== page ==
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Let us assume that we have a function, $f(A)=\text{vec}(A^{-1})^\intercal B$, dependent on $A^{-1}$. However, due to some machine-precision limitations, the programming language I'm using cannot invert $A$ even if it has $Det(A)>0$. So, I'm thinking of using a pseudo-inverse, instead.

However, I don't know if there's a 'distance' relationship between the true inverse and the pseudo-inverse. I just know that when there's an inverse, both are equal. But it would be nice, that when the original matrix A and the 'perturbed/truncated' version of A are close, that the pseudo-inverse be close to the inverse of the original...

I'm also looking at pseudo-inverses for which there's a relatively easy and efficient way to compute.

Any suggestions?

Edit: $\dim(A)=DT\times DT$ and $\dim(B)=D^2T^2\times D^2$

Following Federico Poloni's comment, I think I could actually recompute the function above as $$\left[\cdots Tr\left(\text{LinearSolve}\left(A^\intercal, C_i \right) \right) \cdots \right]_{1\times i=1,...,D^2}$$ where $C_i=\text{Reshape}_{DT\times DT}\left(\text{Column}(B,i)\right)$

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  • $\begingroup$ what's the action of $\rm{vec}(\cdot)$? is it to reshape the inverse into a one-dimensional (column?) vector? $\endgroup$ – GoHokies Apr 27 at 8:14
  • $\begingroup$ @GoHokies Yes. It's an example of a function, among others, which I use with reshapping operations. ;) $\endgroup$ – An old man in the sea. Apr 27 at 8:23
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    $\begingroup$ ok, so if $A$ is $N \times N$, then $B$ is an $N^2 \times N^2$ matrix - or a $N^2 \times 1$ vector? $\endgroup$ – GoHokies Apr 27 at 8:27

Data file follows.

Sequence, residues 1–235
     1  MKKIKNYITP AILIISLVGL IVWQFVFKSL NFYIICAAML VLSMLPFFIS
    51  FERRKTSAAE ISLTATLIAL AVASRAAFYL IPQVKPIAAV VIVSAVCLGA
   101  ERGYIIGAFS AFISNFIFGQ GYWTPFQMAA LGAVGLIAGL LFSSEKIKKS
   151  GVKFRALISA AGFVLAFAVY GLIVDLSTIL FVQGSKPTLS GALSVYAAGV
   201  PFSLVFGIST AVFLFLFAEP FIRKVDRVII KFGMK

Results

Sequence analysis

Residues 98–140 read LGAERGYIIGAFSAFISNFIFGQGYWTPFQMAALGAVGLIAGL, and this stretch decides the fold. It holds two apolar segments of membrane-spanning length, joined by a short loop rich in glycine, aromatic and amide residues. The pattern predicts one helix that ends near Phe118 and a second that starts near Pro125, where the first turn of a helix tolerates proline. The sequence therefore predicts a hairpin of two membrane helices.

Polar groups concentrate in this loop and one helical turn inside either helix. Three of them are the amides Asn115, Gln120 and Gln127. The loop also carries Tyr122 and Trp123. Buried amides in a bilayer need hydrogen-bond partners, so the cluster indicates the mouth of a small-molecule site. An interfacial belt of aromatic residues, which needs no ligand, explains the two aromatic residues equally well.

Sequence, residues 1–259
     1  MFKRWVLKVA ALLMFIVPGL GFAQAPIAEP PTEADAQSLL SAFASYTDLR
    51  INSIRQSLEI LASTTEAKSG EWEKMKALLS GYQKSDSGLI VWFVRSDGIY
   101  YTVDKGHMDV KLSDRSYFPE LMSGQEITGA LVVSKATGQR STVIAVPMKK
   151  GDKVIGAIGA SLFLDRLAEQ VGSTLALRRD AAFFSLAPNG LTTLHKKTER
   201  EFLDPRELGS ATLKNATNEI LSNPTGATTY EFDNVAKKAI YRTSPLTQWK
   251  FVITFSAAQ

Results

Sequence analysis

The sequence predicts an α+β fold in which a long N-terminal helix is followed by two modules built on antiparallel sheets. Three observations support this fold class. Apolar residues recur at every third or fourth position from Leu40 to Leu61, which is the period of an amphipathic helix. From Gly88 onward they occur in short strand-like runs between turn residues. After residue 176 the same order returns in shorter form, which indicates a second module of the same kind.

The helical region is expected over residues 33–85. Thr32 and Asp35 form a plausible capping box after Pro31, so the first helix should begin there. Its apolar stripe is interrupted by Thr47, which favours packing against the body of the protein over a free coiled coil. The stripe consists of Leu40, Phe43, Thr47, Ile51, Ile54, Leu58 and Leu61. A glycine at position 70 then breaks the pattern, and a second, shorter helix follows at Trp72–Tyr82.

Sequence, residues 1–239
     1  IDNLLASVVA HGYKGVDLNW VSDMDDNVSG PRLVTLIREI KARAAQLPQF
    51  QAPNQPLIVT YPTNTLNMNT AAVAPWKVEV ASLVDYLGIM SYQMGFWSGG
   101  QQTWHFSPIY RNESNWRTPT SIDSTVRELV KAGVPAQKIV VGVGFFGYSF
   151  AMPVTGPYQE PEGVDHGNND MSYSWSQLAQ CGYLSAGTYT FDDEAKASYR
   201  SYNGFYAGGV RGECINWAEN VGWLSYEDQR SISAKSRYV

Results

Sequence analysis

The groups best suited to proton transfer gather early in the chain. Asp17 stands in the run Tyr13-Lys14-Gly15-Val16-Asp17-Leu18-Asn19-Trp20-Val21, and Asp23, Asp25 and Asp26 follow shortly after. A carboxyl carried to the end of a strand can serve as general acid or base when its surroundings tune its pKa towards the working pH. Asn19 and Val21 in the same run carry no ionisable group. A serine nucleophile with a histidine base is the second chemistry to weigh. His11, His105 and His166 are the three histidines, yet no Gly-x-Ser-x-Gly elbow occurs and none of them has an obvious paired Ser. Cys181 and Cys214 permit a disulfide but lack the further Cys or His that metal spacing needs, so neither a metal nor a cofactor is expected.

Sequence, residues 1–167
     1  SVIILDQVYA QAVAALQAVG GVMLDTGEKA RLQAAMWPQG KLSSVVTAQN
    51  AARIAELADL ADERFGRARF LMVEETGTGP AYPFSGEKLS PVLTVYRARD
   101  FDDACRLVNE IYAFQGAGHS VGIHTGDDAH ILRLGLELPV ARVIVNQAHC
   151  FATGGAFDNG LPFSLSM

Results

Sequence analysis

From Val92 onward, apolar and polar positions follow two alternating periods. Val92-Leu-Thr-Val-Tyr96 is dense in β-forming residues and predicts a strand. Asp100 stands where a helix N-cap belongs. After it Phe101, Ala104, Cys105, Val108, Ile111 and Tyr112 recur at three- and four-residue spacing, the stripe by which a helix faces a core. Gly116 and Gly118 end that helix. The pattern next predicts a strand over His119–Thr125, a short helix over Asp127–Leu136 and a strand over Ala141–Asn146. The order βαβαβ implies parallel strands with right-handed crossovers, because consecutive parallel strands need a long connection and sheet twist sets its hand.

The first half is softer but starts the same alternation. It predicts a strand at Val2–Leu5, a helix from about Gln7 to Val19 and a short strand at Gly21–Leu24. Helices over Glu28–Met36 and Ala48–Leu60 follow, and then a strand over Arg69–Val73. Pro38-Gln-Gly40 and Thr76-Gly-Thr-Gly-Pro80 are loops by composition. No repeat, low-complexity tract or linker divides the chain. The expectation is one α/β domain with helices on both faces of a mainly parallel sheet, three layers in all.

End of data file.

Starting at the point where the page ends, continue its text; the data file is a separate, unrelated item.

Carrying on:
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    $\begingroup$ Is $\det(A)>0$ coming from an exact formula, or is it just a numerical observation? Determinants give no easily readable information on the distance of a matrix from singularity, so in numerical practice they are seldom used. $\endgroup$ – Federico Poloni Apr 27 at 8:37
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    $\begingroup$ Also: you write "no linear solve", but what you have here can be rewritten as linear solves: vectorize (each column of) $B$ to obtain a $N\times N$ matrix $C$, then compute $A^{-1}C$, and the quantity you are looking for is its trace. $\endgroup$ – Federico Poloni Apr 27 at 18:37
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Pseudoinverses typically will be computed via some truncation procedure to determine the rank, so they are not close to the original inverse. Example: $$A = Q \begin{bmatrix} 1\\ & 10^{-12} \\ & & 10^{-18} \end{bmatrix}Q^{*} $$ has exact (pseudo)inverse $$A^+ = A^{-1} = Q \begin{bmatrix} 1\\ & 10^{12} \\ & & 10^{18} \end{bmatrix}Q^{*}, $$ but any numerical procedure will have to take a decision on the rank and will likely truncate one or two of those diagonal entries to zero, returning for instance $$B = Q \begin{bmatrix} 1\\ & 10^{12} \\ & & 0 \end{bmatrix}Q^{*}, $$ or $$B = Q \begin{bmatrix} 1\\ & 0 \\ & & 0 \end{bmatrix}Q^{*}, $$ (depending on truncation thresholds), which are not close at all to $A^+$. That is an inherent limitation and I don't think you can overcome it. It's by design: typically, when one writes pinv(A) one wants $B$, not $A^{-1}$. If you really want $A^{-1}$, then just use inv(A) and forget about the warnings.

But it's probably time to go back to the blackboard, think about what you really need in these edge cases, and see if there is a more stable alternative expression for it. If the exact solution of your problem is that ill-conditioned, then probably it's not even what you want at the end of the day.

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